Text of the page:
When most people think of a franchise, their minds immediately think fast food. If this sounds like you, you’re not alone.
“I had a real lack of understanding about franchising. “When I thought of a franchise, I thought of something more traditional, like a fast food chain,” said Raymond Lee, CEO of careerminds, a national outplacement firm.
Fact: There are more than 3,000 franchise opportunities in the United States, most of which are not in the fast food sector.
Franchising is a major industry featuring more than 750,000 establishments in the United States and currently providing more than $800 billion in economic output annually. Fast food franchises make up barely 20 percent of them. (Click here to see IHS’ Franchise Business Economic Outlook for 2015.)
Wilds consults with clients of numerous outplacement firms on the truths and myths of franchising, and she says fast food is a common one.
“As consumers, we engage with franchises frequently through fast food restaurants. Everything from getting a donut and a cup of coffee in the morning, to where you grab a salad or a sandwich for lunch, to going through the drive-thru for dinner on the way home after work. And I haven’t even mentioned yet going for a frozen yogurt after soccer practice, or having pizza delivered to your home as you watch the big game on TV.”
Fast food restaurants are referred to as Quick Service Restaurants (QSRs), and because of the high demand we consumers place on them due to their branding, convenience, consistency and value, they typically enjoy an overwhelmingly successful track record.
Franchise opportunities are abundant, ranging from home-based businesses to multi-million dollar investments. Wilds has placed people in franchises from boutique fitness centers to IT services and in-home senior care. However, Wilds says that the only way to really know if franchising is right for you is to go through a learning process that is skills- and lifestyle-focused.
“Most people assume you can only buy yourself a job if you go the franchise route. Until people engage in our process, they have never heard of executive franchises or semi-absentee ones. These types of franchises are well-suited to people coming from the corporate world,” Wilds said. “Think about the skills they have as project managers, sales executives or business leaders. Whether they are in a staff position or management position, they have transferable skills that will serve them very well as business owners. The key is to find the right business for them, and they don’t need to worry about their choices being limited to fast food restaurants.”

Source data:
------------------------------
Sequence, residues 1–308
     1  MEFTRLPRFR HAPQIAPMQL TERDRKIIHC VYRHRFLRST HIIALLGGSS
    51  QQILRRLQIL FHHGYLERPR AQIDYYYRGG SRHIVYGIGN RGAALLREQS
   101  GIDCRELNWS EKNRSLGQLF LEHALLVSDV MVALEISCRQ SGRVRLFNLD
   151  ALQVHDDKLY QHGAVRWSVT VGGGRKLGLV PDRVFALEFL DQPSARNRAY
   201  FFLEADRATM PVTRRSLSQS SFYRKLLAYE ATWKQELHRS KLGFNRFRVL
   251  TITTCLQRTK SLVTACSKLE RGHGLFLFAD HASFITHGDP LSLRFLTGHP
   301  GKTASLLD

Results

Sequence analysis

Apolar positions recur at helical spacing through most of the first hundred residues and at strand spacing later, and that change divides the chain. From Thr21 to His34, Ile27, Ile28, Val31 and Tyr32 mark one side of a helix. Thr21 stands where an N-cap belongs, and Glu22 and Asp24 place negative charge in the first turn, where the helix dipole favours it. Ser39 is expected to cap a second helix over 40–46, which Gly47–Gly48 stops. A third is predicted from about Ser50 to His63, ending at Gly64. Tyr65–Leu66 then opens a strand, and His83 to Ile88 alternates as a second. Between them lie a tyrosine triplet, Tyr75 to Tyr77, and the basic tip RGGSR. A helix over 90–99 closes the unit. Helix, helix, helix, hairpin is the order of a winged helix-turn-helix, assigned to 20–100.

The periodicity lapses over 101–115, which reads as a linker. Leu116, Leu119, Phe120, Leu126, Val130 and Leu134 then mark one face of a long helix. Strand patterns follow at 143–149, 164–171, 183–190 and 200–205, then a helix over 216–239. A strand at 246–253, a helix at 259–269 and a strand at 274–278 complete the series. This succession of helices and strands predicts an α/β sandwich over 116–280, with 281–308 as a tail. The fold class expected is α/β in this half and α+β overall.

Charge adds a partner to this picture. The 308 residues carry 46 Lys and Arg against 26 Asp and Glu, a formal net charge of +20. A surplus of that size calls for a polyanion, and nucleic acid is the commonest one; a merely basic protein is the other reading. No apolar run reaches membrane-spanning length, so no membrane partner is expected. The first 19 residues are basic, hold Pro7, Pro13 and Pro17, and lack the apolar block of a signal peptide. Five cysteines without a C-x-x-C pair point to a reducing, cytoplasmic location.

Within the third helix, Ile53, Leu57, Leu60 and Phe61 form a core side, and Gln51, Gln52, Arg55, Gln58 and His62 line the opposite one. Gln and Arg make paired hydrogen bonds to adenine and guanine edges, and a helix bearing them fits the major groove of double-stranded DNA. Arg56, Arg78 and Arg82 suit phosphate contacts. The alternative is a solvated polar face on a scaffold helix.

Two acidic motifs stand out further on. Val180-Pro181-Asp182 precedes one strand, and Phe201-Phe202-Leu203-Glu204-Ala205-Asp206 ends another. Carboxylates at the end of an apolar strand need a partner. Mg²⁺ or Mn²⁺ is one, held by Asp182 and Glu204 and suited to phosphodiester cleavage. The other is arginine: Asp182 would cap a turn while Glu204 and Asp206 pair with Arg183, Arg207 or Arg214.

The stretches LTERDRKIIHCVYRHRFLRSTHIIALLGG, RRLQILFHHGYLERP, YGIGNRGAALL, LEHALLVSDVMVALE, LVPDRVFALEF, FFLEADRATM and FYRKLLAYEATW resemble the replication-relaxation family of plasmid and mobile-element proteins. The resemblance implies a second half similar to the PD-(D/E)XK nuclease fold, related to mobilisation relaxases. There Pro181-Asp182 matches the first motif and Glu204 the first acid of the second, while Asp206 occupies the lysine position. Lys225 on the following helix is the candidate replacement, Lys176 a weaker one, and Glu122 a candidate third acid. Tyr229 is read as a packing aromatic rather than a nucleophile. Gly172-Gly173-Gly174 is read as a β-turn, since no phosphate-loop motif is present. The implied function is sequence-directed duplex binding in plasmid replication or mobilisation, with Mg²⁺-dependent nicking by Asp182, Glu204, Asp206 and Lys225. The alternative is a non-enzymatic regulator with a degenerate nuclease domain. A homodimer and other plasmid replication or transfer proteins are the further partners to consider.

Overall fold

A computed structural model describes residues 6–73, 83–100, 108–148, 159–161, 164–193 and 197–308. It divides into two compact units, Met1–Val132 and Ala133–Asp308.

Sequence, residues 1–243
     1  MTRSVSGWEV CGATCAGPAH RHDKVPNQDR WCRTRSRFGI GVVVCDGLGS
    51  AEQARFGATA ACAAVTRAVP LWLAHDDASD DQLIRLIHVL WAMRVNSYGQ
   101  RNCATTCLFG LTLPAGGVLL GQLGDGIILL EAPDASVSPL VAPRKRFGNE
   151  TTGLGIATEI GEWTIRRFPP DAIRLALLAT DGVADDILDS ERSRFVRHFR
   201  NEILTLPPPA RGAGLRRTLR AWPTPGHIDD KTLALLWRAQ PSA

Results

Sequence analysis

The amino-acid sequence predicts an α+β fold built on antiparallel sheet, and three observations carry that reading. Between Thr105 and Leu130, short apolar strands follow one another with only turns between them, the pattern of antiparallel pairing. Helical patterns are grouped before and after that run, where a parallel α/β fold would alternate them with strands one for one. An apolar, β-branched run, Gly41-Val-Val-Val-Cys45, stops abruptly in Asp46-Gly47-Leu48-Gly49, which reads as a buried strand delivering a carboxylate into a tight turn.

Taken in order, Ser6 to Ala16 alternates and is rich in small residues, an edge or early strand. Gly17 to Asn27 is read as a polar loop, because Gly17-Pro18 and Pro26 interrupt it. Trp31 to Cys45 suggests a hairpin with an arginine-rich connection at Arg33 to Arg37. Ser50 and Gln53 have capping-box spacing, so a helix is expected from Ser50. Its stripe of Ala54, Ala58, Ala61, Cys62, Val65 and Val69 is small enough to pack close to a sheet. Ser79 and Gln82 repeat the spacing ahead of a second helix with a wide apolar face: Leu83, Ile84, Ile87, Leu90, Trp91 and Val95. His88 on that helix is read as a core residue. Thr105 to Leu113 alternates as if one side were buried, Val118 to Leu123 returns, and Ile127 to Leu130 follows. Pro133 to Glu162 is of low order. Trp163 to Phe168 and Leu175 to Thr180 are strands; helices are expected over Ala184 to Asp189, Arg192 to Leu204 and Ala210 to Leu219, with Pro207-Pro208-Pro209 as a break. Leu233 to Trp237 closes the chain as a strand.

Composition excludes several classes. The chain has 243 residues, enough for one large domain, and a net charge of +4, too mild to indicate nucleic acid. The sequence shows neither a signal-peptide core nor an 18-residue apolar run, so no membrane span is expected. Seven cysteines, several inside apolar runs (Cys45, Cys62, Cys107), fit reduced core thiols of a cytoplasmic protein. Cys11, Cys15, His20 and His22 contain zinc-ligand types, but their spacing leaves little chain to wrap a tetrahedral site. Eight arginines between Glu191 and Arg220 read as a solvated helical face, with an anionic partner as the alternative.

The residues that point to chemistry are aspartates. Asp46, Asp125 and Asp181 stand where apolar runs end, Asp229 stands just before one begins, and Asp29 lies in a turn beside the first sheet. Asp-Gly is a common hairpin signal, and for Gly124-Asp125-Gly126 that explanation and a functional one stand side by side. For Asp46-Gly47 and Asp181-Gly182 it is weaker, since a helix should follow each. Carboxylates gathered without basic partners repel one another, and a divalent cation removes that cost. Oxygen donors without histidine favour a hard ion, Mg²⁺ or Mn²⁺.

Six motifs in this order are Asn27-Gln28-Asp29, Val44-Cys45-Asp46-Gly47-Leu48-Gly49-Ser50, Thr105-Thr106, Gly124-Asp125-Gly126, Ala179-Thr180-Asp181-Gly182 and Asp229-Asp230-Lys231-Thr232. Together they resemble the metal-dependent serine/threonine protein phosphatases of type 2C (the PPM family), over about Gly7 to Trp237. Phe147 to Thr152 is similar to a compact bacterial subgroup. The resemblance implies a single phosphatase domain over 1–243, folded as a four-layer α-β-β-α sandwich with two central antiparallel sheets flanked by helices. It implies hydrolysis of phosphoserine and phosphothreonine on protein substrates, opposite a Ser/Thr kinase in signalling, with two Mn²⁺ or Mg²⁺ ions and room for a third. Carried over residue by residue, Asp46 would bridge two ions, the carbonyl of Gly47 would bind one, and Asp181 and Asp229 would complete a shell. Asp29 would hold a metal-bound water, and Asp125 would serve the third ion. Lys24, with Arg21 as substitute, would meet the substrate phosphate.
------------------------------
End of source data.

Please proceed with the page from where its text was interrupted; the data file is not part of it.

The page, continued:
“Although I work with a number of food concepts, I have placed only one person with a fast food franchise, and that person was an experienced restaurateur who had a spot picked out in the mall and wanted a Mexican concept,” said Anna Wilds, Founder and Managing Director of Franchise Locators. “By the way, it is important for people who have food experience to go with a food franchise in most cases.”
Another option for corporate refugees is semi-absentee businesses. They enable people to have a job AND grow a business on the side.
Due to misconceptions like the Fast Food Myth, most career coaches won’t hear their clients ask directly about franchising. Instead, coaches should listen for key phrases that indicate their clients may be ready to do something on their own or have an alternative to traditional employment. Some clients may express wanting to do something for the benefit of themselves and their families. Some are frustrated with their prolonged job searches, chasing after elusive jobs out of state, and their families do not want to move.
“Those are the types of statements a career coach needs to listen for to make a good referral to Franchise Locators,” Wilds said. “I have yet to hear someone say, ‘I want a franchise,’ right off the bat. Franchising is a proven strategy for minimizing the risk of going into business for oneself, and it is a way for people to achieve the lifestyle they desire. When career coaches and their clients understand that, we are seen as a highly valued resource on entrepreneurship.”
Do you have a client who’s ready to start their own business? Consultations with Anna Wilds are free! Click here to learn more.Share